Sistani to the rescue?

Are we about to get an invitation to leave Iraq?

Juan Cole thinks that the Grand Ayatollah Ali al-Sistani, the most respected religious figure in Shi’a Iraq, may be about out of patience with the American occupation. Surely Cole is right that if al-Sistani (and presumably al-Maliki) say “Go,” we have to be gone. For those of us who think that being tied down in a no-win situation in Iraq is about the worst thing that ever happened to American military and diplomatic power, being invited to leave Iraq &#8212 and thereby escaping any moral onus for whatever carnage follows our departure &#8212 seems like an invitation to awaken from a nightmare.

I just hope the Pentagon has contingency plans for a quick exit: not a battalion a month, taking all our equipment with us, but a “get the troops out PDQ” that takes what’s essential, gives the Iraqis what we want them to have, and trashes the rest. If we have to exit quickly, and if we’re not ready to, we could easily lose as many lives getting out as we have to date.

Of course, if Cole is right, the decision to try to take out the Mahdi Army in Sadr City has to count as one of the dumbest moves ever. What else is new?

Author: Mark Kleiman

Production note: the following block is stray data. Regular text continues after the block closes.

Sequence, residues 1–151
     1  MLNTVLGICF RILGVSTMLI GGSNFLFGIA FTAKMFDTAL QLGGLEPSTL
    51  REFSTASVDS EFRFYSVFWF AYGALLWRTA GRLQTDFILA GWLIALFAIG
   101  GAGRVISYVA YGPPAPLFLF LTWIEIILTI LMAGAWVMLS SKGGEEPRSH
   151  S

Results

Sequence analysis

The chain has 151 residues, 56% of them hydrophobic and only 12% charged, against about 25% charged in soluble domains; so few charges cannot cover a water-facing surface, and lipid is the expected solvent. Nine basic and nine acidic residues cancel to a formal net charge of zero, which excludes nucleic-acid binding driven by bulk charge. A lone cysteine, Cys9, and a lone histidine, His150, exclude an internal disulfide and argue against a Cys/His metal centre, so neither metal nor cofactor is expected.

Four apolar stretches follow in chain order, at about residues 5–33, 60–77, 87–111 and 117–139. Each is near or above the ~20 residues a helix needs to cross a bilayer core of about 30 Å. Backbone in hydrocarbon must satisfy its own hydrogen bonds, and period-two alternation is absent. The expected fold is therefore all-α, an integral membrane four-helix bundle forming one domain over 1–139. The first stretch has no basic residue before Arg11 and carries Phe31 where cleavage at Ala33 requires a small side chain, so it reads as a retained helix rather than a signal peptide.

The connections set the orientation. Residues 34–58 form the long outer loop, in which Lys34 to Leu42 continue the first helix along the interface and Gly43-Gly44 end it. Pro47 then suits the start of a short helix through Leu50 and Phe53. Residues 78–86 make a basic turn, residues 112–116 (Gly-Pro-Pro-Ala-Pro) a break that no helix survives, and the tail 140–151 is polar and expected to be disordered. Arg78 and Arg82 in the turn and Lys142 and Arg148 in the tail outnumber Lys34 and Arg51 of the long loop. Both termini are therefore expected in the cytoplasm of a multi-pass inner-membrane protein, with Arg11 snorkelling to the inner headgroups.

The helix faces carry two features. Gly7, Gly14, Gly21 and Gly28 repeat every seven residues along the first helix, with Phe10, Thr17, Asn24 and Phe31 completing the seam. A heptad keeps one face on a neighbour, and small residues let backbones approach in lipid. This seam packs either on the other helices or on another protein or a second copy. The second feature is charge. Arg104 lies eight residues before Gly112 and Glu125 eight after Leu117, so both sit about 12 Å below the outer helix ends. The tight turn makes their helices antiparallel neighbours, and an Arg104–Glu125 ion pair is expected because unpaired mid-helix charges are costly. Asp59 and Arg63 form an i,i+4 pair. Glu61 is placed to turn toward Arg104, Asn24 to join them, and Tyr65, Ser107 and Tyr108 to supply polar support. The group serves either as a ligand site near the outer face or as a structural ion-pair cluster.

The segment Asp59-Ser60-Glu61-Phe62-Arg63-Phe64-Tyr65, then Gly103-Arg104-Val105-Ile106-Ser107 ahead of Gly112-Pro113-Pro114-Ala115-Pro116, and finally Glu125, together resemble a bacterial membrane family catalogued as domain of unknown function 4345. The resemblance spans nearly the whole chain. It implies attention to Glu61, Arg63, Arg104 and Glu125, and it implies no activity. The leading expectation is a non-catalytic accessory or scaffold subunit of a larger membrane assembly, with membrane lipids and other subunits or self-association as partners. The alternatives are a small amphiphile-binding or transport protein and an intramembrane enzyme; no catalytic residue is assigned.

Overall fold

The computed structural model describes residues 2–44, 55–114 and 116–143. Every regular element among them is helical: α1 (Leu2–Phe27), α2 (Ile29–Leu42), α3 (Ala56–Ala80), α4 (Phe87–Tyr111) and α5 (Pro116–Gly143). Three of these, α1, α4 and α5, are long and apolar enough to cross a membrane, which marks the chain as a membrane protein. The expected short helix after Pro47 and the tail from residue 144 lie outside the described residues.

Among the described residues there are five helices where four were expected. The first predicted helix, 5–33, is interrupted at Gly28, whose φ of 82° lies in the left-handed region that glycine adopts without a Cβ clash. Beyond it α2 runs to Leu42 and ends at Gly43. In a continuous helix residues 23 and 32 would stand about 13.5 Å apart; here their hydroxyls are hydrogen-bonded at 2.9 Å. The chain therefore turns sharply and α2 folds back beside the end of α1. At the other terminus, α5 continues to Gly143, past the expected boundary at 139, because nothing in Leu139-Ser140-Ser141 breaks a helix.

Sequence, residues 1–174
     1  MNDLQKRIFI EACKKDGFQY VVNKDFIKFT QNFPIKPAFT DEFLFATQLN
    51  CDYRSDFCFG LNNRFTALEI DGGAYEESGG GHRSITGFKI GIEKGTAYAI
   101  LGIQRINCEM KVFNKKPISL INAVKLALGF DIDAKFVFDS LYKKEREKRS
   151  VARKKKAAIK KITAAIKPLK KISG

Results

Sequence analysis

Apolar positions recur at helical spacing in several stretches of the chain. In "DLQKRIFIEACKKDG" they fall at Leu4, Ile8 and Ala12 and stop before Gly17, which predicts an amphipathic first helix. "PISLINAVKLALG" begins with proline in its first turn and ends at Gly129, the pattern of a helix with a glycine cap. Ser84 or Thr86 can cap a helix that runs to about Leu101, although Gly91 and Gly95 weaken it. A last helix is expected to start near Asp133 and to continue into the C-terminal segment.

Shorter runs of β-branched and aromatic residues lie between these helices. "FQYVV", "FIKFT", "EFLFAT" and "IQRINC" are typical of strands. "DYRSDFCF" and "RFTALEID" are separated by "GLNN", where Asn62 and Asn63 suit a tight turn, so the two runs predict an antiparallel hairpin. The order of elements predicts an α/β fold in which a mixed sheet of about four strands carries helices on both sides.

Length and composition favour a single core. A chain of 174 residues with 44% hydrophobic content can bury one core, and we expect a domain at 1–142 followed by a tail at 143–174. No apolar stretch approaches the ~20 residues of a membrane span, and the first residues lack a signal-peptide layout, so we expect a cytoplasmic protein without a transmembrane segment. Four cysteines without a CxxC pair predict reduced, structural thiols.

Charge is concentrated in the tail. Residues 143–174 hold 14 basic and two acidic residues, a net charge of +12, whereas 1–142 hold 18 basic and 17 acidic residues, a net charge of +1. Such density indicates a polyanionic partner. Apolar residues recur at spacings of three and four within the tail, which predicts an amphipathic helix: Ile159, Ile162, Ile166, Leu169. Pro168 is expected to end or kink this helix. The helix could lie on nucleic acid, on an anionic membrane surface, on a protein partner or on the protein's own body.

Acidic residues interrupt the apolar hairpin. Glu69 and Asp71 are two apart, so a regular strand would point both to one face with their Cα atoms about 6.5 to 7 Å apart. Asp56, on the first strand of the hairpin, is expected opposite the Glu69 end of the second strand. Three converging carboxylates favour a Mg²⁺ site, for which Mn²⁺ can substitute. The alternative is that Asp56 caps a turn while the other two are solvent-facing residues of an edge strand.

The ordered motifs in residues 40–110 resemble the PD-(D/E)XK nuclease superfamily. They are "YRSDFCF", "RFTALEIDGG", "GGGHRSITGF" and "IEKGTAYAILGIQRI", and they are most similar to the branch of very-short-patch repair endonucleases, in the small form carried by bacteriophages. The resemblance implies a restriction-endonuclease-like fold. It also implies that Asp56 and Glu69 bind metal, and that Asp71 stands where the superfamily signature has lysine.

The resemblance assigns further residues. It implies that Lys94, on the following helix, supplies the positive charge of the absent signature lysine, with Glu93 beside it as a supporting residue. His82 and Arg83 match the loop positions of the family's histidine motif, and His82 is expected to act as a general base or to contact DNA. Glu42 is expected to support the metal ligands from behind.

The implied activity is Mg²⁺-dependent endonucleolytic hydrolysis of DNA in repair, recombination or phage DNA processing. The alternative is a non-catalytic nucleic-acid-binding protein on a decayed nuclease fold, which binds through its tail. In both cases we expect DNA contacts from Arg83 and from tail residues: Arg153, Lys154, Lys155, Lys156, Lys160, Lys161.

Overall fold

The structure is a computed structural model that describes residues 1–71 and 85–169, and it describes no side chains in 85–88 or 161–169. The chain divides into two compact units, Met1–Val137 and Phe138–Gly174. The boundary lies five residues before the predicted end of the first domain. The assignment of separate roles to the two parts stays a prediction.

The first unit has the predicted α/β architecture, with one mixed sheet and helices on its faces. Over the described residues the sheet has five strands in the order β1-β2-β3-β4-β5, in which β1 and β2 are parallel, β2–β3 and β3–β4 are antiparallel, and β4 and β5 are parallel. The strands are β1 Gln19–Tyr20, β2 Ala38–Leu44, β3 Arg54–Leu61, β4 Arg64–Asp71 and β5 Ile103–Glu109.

Professor of Public Policy at the NYU Marron Institute for Urban Management and editor of the Journal of Drug Policy Analysis. Teaches about the methods of policy analysis about drug abuse control and crime control policy, working out the implications of two principles: that swift and certain sanctions don't have to be severe to be effective, and that well-designed threats usually don't have to be carried out. Books: Drugs and Drug Policy: What Everyone Needs to Know (with Jonathan Caulkins and Angela Hawken) When Brute Force Fails: How to Have Less Crime and Less Punishment (Princeton, 2009; named one of the "books of the year" by The Economist Against Excess: Drug Policy for Results (Basic, 1993) Marijuana: Costs of Abuse, Costs of Control (Greenwood, 1989) UCLA Homepage Curriculum Vitae Contact: